Self-assembled three-dimensional non-volatile memories

Research output: Contribution to journalArticle

  • 5 Citations

Abstract

The continuous increase in capacity of non-volatile data storage systems will lead to bit densities of one bit per atom in 2020. Beyond this point, capacity can be increased by moving into the third dimension. We propose to use self-assembly of nanosized elements, either as a loosely organised associative network or into a cross-point architecture. When using principles requiring electrical connection, we show the need for transistor-based cross-talk isolation. Cross-talk can be avoided by reusing the coincident current magnetic ring core memory architecture invented in 1953. We demonstrate that self-assembly of three-dimensional ring core memories is in principle possible by combining corner lithography and anisotropic etching into single crystal silicon.
LanguageEnglish
Number of pages18
JournalMicromachines
Volume1
Issue number1
DOIs
StatePublished - 18 Jan 2010

Fingerprint

Self assembly
Data storage equipment
Anisotropic etching
Memory architecture
Lithography
Transistors
Single crystals
Silicon
Atoms

Keywords

  • ring core
  • EWI-17411
  • TST-Self Assembly
  • TST-uSPAM: micro Scanning Probe Array Memory
  • TST-SMI: Formerly in EWI-SMI
  • Self-Assembly
  • IR-70002
  • Magnetic
  • Data Storage
  • MEMS
  • METIS-277396

Cite this

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title = "Self-assembled three-dimensional non-volatile memories",
abstract = "The continuous increase in capacity of non-volatile data storage systems will lead to bit densities of one bit per atom in 2020. Beyond this point, capacity can be increased by moving into the third dimension. We propose to use self-assembly of nanosized elements, either as a loosely organised associative network or into a cross-point architecture. When using principles requiring electrical connection, we show the need for transistor-based cross-talk isolation. Cross-talk can be avoided by reusing the coincident current magnetic ring core memory architecture invented in 1953. We demonstrate that self-assembly of three-dimensional ring core memories is in principle possible by combining corner lithography and anisotropic etching into single crystal silicon.",
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author = "Leon Abelmann and Niels Tas and Erwin Berenschot and Miko Elwenspoek",
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Self-assembled three-dimensional non-volatile memories. / Abelmann, Leon; Tas, Niels; Berenschot, Erwin; Elwenspoek, Miko.

In: Micromachines, Vol. 1, No. 1, 18.01.2010.

Research output: Contribution to journalArticle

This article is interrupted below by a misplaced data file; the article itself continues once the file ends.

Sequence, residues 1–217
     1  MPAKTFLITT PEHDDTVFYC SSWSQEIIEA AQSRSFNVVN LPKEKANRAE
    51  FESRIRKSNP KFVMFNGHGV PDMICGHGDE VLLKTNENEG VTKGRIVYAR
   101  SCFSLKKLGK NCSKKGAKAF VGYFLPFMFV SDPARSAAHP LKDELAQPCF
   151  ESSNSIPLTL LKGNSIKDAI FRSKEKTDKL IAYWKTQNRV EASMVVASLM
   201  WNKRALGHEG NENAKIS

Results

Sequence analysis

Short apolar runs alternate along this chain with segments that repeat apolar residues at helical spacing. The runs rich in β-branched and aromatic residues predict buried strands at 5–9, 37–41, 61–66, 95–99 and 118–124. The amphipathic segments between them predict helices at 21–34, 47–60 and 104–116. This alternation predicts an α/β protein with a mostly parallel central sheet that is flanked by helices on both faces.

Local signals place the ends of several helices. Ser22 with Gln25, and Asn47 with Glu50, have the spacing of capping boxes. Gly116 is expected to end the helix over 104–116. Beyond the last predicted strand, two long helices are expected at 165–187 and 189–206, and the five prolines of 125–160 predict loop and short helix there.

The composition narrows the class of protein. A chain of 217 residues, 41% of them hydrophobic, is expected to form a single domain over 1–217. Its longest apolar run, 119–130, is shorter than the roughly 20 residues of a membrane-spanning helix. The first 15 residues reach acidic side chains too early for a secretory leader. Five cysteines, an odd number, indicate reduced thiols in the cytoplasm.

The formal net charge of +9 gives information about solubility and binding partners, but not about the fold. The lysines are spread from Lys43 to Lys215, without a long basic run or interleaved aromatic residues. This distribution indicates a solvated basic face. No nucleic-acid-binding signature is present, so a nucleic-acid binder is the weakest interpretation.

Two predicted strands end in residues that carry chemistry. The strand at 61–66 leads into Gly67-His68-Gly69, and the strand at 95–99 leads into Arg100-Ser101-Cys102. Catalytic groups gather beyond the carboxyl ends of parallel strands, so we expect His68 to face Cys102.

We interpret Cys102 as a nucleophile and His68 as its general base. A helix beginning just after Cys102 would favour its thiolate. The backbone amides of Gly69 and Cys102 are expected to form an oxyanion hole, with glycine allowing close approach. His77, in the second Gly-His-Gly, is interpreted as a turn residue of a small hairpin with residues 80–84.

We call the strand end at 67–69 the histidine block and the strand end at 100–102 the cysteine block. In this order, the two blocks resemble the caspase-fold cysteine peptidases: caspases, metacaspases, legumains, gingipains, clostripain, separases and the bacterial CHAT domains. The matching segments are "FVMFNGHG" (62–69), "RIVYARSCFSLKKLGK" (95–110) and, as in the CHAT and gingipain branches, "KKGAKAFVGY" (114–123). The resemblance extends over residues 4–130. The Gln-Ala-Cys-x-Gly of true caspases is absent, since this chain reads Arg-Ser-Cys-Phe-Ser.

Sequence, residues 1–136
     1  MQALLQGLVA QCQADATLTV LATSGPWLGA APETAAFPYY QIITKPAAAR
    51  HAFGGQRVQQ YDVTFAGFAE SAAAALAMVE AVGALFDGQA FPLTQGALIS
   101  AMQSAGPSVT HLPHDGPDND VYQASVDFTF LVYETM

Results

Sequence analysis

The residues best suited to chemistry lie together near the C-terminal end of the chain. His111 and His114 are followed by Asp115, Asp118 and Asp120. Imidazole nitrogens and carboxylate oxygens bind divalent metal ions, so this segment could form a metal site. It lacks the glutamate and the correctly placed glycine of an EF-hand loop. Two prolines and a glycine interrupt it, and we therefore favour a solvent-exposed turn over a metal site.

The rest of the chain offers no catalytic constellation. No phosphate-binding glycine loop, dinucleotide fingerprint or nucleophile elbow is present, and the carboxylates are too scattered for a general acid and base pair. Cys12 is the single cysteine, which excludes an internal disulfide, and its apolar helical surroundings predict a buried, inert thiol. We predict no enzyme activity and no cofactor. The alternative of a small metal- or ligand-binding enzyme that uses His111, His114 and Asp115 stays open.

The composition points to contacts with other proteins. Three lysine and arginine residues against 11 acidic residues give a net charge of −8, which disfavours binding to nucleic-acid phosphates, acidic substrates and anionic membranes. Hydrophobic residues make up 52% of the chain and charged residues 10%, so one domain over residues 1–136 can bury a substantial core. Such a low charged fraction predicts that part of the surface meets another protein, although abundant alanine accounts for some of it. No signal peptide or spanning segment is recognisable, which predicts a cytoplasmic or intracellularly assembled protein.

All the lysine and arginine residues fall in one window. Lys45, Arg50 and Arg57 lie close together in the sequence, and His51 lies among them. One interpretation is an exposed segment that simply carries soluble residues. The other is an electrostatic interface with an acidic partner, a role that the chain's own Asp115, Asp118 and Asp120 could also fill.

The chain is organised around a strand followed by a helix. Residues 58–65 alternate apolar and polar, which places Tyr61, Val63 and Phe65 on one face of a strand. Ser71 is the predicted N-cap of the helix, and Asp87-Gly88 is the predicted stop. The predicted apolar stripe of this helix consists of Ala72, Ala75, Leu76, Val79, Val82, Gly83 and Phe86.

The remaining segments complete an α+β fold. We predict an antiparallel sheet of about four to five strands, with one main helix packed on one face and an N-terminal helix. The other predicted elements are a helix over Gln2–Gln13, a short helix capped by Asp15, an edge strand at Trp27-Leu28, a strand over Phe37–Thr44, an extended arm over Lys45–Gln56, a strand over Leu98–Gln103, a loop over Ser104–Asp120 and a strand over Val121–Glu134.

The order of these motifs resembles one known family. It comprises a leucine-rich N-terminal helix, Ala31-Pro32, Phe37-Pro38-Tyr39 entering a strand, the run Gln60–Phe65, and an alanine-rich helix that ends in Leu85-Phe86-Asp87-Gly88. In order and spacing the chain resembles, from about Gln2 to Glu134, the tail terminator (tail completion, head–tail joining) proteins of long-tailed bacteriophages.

TY - JOUR

T1 - Self-assembled three-dimensional non-volatile memories

AU - Abelmann,Leon

AU - Tas,Niels

AU - Berenschot,Erwin

AU - Elwenspoek,Miko

N1 - From internal report EPrints 15686

PY - 2010/1/18

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N2 - The continuous increase in capacity of non-volatile data storage systems will lead to bit densities of one bit per atom in 2020. Beyond this point, capacity can be increased by moving into the third dimension. We propose to use self-assembly of nanosized elements, either as a loosely organised associative network or into a cross-point architecture. When using principles requiring electrical connection, we show the need for transistor-based cross-talk isolation. Cross-talk can be avoided by reusing the coincident current magnetic ring core memory architecture invented in 1953. We demonstrate that self-assembly of three-dimensional ring core memories is in principle possible by combining corner lithography and anisotropic etching into single crystal silicon.

AB - The continuous increase in capacity of non-volatile data storage systems will lead to bit densities of one bit per atom in 2020. Beyond this point, capacity can be increased by moving into the third dimension. We propose to use self-assembly of nanosized elements, either as a loosely organised associative network or into a cross-point architecture. When using principles requiring electrical connection, we show the need for transistor-based cross-talk isolation. Cross-talk can be avoided by reusing the coincident current magnetic ring core memory architecture invented in 1953. We demonstrate that self-assembly of three-dimensional ring core memories is in principle possible by combining corner lithography and anisotropic etching into single crystal silicon.

KW - ring core

KW - EWI-17411

KW - TST-Self Assembly

KW - TST-uSPAM: micro Scanning Probe Array Memory

KW - TST-SMI: Formerly in EWI-SMI

KW - Self-Assembly

KW - IR-70002

KW - Magnetic

KW - Data Storage

KW - MEMS

KW - METIS-277396

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